I recently compared result of US Census Geocoder(http://geocoding.geo.census.gov/geocoder/) with that of Google Maps. For any given address both of them are giving different set of lat, lon. Why there is a difference between both of these?

My assumption is that Google Maps are based on US Census Geography data so both should be same.

  • Without looking, I would guess that the Census geocoder is probably range based while the Google one may be parcel based. I would assume Google has parcel level information for most of the US.
    – Branco
    Feb 19, 2015 at 17:53
  • 1
    Google Maps is originally based on TeleAtlas data for street data and TomTom for street attributes. The Census Bureau is based on Master Address File which is updated by the U.S. Postal Service. My recommendation is to another source for comparing the two. What you need is a gold standard source that undeniably has all of the characteristics you need. Both Google Maps and the TIGER files estimate the location of the address based on the position of the address range along a segment of road. My advice is to obtain parcel data with street address to truly compare the two.
    – Kotebiya
    Feb 19, 2015 at 18:28
  • I use StreetMap locators to update the Master Address File, if that fails, a lat long search of an aerial image.
    – Maksim
    Feb 19, 2015 at 18:40

2 Answers 2


The difference is because the Census locator is based on TIGER street files, which is not as a complete a dataset as Google Streets has. So for any given road, the TIGER streets may have an address range of 1-1000 whereas in reality the range is updated with more houses, etc. Some roads may not even exist within the TIGER files.

The street segments in TIGER files may also be incomplete, so it may match halfway along the street segment associated with the address range, where in reality, and Google, the street may be much longer. So a halfway match for TIGER may be halfway along the range of addresses for this shortened segment, but in reality is located elsewhere when the segment is of actual length.

  • This is the case. I ran many simulation, tested this data by physically going to that place with a GPS device to test the accuracy. Google is providing more accurate results compared to tiger.
    – Akhil
    Feb 28, 2015 at 22:22

I looked up a little more after posting my comment. The Census is a range based geocoding service. They state...

The current Geocoding Services engine requires a structure address be provided. The resulting lat/long is calculated along an address range.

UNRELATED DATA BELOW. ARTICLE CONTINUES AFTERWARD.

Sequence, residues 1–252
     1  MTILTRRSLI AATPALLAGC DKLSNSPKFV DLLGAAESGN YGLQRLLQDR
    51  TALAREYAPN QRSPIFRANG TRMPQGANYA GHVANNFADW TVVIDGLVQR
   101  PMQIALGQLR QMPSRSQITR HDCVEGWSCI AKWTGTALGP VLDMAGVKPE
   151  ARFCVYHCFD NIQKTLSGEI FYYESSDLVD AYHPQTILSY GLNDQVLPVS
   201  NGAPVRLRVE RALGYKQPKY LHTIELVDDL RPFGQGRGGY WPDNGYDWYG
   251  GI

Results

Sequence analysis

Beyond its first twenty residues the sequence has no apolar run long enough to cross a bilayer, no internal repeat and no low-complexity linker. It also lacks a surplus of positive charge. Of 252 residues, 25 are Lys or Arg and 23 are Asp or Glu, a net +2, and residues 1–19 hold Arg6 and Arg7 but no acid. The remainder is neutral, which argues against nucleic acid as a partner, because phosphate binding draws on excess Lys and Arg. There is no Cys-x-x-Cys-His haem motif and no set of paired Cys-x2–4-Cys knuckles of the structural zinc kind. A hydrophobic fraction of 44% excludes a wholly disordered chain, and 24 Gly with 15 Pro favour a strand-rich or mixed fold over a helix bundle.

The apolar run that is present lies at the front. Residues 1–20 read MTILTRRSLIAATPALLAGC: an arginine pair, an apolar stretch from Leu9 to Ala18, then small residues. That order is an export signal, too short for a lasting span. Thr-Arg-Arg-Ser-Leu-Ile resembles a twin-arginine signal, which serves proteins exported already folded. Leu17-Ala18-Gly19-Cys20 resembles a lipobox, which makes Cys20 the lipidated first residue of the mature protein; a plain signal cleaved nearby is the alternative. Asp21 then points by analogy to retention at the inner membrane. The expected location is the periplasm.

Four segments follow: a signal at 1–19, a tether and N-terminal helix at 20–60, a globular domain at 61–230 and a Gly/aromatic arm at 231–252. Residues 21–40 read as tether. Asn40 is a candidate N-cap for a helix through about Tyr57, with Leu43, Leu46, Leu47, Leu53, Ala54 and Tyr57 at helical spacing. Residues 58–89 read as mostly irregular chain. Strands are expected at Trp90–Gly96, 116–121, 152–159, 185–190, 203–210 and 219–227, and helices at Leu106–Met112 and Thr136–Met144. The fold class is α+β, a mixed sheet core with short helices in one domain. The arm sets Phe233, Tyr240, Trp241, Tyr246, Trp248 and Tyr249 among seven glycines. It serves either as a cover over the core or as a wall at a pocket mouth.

Google on the other hand, looks to have a variety of options in their geocoding service. I didn't find anything specific as to their data backing. However, I did find some stuff in their geocoding parameters. They have the following geocoder location types in their parameters.

location_type stores additional data about the specified location. The following values are currently supported:

google.maps.GeocoderLocationType.ROOFTOP indicates that the returned result reflects a precise geocode.

google.maps.GeocoderLocationType.RANGE_INTERPOLATED indicates that the returned result reflects an approximation (usually on a road) interpolated between two precise points (such as intersections). Interpolated results are generally returned when rooftop geocodes are unavailable for a street address.

google.maps.GeocoderLocationType.GEOMETRIC_CENTER indicates that the returned result is the geometric center of a result such as a polyline (for example, a street) or polygon (region).

google.maps.GeocoderLocationType.APPROXIMATE indicates that the returned result is approximate.

So... It looks like Google collects data related to those types, and I would guess automatically tries each of the type as going from more precise to less precise in order to get a higher match percentage. I am sure if you want more precise details than what is available through the Google Maps developers FAQ about Google's geocoding, you could send them an e-mail.

Interesting enough, if you aren't familiar with geocoding techniques, I found a paper that compares them here.

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